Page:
the photographs i take everyday and everywhere vary. but lately, i have found myself drawn to these small canvasses of almost monochromatic still-life outdoor paintings, just waiting on the side of the trail, waiting in flower gardens, waiting in the woods. nuances of shade, a tiny pop of color … nature’s natural inclination to visual cohesion. i’ve been especially seeing the greens in the greens, really delicious shadings, no competition for spotlighting, just color intertwined and inclusive. i’ve noticed even more distinctly the genius of a single bloom, petite berries, nestled in all the verdant green.
i came home from such a hike one day recently and took out the 1940s opalescent aqua blue hobnail glass vase that was my sweet momma’s. it reminds me of sky and water; it reminds me of grocery store flowers my dad always bought my momma. it doesn’t go with our house, i had thought, going through bins and boxes. and then, i placed it in the window seat of our black and white and flour-tortilla living room, a gentle nod to days spent in the grass drawing with clouds and on long island beaches with coppertone floating in the air. a “yes” to my daughter.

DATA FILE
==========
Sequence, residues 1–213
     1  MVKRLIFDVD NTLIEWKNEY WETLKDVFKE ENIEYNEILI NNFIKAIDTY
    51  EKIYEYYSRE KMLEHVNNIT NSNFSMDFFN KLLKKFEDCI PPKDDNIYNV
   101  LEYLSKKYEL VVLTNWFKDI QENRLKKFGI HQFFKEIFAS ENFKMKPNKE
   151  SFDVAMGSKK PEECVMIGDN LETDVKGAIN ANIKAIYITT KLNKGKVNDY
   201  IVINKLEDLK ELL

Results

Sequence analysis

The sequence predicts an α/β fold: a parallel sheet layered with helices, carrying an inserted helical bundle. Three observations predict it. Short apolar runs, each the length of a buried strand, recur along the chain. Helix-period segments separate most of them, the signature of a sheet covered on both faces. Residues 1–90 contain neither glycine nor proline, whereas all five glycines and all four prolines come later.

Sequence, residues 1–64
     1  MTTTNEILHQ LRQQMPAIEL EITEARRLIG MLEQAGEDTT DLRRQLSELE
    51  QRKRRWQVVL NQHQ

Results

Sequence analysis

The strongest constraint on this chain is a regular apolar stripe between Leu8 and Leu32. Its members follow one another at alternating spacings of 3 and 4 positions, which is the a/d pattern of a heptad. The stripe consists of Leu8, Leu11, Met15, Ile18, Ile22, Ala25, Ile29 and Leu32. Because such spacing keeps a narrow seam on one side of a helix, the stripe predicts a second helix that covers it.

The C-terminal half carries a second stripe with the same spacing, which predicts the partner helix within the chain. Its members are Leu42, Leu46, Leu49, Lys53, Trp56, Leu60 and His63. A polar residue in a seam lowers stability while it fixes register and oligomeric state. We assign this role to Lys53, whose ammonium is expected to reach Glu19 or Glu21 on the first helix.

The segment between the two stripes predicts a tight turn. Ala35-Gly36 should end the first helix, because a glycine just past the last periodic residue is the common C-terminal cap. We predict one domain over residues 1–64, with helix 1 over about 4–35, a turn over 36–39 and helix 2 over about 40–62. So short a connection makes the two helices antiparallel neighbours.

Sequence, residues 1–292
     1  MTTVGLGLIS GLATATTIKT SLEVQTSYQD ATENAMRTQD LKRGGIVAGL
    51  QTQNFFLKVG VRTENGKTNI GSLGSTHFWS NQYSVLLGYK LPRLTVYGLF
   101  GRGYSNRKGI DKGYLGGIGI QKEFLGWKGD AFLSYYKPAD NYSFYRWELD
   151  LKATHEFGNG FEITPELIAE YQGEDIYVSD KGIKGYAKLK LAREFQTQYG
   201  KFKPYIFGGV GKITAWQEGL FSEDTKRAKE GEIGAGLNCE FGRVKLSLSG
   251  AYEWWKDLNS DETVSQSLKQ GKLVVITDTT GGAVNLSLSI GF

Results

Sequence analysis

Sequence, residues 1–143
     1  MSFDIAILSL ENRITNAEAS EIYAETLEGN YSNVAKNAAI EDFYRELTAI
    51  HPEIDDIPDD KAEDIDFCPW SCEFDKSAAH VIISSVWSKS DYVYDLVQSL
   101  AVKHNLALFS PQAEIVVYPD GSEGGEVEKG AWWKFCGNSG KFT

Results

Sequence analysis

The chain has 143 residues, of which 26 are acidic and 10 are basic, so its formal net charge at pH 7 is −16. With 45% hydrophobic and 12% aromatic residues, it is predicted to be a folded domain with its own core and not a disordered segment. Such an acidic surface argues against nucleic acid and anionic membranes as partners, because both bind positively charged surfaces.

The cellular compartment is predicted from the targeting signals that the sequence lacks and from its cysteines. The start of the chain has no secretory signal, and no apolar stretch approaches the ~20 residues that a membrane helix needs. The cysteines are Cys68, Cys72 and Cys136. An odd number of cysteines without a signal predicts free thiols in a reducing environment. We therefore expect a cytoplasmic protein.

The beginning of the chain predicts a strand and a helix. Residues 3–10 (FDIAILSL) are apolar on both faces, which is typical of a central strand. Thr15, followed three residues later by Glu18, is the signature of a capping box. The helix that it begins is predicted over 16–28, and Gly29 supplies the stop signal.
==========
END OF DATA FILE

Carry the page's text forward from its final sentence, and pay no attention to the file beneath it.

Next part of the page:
she is right. the colors in our home aren’t the incredible desert pastel spectrum, the intensity of sage peacefulness our girl described – the sunsets she holds close to her soul. but it is as particular to the desire to surround oneself with that which is meaningful, to what resonates inside, to what gives you serenity, keeps you still in all the whirling world, brings you contentment, is part of the nirvana of tranquility, is your sanctuary. it’s decorating with true heart.
“sometimes beauty is that unpredictable; a threshold we had never noticed opens, mystery comes alive around us and we realize how the earth is full of concealed beauty.” (john o’donohue)
a simple errand. we needed to pick up some furniture to transport in big red for a friend. destination: ikea.
there is something magical about ikea. we hadn’t been there in ages and were relieved to find few people there and everyone masked properly. vowing to hopefully come back soon and browse a bit, we pulled the boxes off the shelves on our pick list. pushing our cart to the front checkout lines, david, more than once, had to re-focus me away from the enormous displays of product. iphone in hand, we wove our way through the covid-floor-circles-disney-style line, waiting our turn at the cash register.
every where i looked, we were surrounded by interesting color, repeated pattern, textures that begged to be touched. david, more than once, softly called my name from the other side of the pushcart, gently spurring me out of the threshold-of-alive-mystery-of-concealed-beauty, snapping pictures with inordinate joy. “k-dot,” he would quietly prod.
the spatulas called my name too, repeating patterns of red-mama-dear-lips making me smile. spatulas are usually not mysterious creatures, but their color, design, stacking lures you out of ordinariness, opening that threshold, the place for glitter to be seen.
it wasn’t just the spatulas, though. i was victim to the lint rollers, the stainless steel utensil holders, the cork trivets. hidden beauty everywhere. i could feel my sweet momma and poppo cheering me on; they were likewise entranced by ikea.